Alcohol 20% is widely used in surface refractive surgery, where it helps to peel easily the epithelium of the cornea. Several reports show a positive role of alcohol in treatment of recurrent corneal erosions resistant to other treatments. At microscopic level - the ethanol splits basement membrane at the level between lamina lucida and lamina densa, additionally ethanol destroys the hemidesmosome junctions between epithelial cells. No consensus exists on ethanol influence on keratocyte viability and function: some studies show delayed wound healing and significant keratocyte damage, while other works show no significant alteration in keratocyte number while using alcohol.

At the phase of pterygium separation our purpose is to check the safety and efficiency of alcohol 20% for peeling of pterygium from ocular surface.

Various closure techniques exist, 3 of the widespread techniques are: Bare sclera (with adjunct such as mitomycine C) - the wound is left as it is, without closure. Sliding conjunctival flap- conjunctiva from adjacent region is dissected, moved to the wound area and sutured. Amniotic membrane transplantation, using biological glue to adhere the membrane. Amniotic membrane does not carry HLA antigens - so that no HLA compatibility tests are needed. Amniotic membrane underwent screening of infectious diseases and was cryopreserved. Amniotic membrane is applied with its mesenchimal part towards sclera and basement membrane side upwards. Adhesion of amniotic membrane is achieved by biological glue (containing thrombin and calcium as main ingredients)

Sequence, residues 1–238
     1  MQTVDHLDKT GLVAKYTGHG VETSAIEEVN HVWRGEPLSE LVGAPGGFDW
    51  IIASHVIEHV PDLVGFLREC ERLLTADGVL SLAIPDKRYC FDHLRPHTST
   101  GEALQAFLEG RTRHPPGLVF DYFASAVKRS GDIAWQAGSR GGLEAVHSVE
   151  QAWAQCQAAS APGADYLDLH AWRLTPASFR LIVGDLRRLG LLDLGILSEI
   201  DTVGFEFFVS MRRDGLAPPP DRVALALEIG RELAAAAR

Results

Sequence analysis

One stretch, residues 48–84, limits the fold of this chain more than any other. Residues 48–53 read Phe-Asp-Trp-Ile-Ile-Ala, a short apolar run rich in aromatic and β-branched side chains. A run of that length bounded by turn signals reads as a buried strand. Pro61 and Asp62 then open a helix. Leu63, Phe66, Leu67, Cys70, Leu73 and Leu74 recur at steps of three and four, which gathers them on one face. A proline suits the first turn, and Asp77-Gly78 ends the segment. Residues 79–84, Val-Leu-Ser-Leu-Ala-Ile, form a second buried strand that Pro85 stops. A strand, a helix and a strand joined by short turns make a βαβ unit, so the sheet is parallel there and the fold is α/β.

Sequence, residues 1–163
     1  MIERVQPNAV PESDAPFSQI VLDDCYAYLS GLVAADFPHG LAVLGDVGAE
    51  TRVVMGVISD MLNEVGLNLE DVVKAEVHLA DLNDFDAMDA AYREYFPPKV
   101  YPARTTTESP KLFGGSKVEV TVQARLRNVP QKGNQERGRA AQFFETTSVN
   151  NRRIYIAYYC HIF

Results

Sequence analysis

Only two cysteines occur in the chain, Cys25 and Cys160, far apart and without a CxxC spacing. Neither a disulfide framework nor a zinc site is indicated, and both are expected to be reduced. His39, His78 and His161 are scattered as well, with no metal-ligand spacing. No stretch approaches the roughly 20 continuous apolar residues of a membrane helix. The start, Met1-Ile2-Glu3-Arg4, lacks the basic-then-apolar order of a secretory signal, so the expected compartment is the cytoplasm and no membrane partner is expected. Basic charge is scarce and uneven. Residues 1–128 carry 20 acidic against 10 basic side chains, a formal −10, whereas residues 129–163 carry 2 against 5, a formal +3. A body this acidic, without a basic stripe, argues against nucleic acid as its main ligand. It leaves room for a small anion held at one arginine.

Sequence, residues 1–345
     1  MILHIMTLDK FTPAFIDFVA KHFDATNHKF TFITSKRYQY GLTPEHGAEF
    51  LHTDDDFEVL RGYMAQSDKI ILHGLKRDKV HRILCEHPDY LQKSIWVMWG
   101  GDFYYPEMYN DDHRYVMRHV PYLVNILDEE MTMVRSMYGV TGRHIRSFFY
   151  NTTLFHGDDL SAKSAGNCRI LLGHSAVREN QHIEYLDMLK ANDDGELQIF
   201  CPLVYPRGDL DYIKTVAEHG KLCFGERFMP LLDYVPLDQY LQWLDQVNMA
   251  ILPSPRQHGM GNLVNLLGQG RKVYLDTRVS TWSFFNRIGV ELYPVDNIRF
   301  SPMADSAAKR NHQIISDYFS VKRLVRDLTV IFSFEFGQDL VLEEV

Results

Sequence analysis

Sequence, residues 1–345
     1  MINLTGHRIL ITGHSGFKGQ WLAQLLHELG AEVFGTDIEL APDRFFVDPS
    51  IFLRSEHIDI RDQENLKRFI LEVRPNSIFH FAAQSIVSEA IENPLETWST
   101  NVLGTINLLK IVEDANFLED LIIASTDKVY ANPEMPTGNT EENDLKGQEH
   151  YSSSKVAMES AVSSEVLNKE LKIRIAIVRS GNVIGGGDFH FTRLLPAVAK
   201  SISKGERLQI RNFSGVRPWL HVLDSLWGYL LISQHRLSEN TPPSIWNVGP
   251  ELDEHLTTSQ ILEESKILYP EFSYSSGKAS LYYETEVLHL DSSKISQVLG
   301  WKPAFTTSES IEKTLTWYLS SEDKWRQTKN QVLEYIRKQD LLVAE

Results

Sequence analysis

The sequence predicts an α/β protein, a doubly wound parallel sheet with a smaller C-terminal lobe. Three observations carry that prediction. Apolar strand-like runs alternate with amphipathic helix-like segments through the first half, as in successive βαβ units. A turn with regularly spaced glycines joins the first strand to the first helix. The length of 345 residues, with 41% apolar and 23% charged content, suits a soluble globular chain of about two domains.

We intend to compare each of these methods of wound closure in conjunction with using alcohol 20 % for pterygium separation.

  Eligibility

Ages Eligible for Study:   18 Years and older
Genders Eligible for Study:   Both
Accepts Healthy Volunteers:   No
Criteria

Inclusion Criteria:

  • Age- above 18 years old.
  • Primary pterygium.
  • Eligibility to sign the informed consent.

Exclusion Criteria:

  • Unwillingness to participate in study.
  • Hypersensitivity to materials/ medications used during the surgery.
  • Pregnancy.
  • Cases when the eye which should be operated is the only fuctional eye.
  • Age less than 18 years old.
  • Recurrent pterygium.
  • Chronic eye diseases, especially ocular surface disorders such as: OCP, severe blepharitis, severe keratoconjunctivitis,atopic eye disorders.

Patients which are not eligible to sign independently the informed consent.

  Contacts and Locations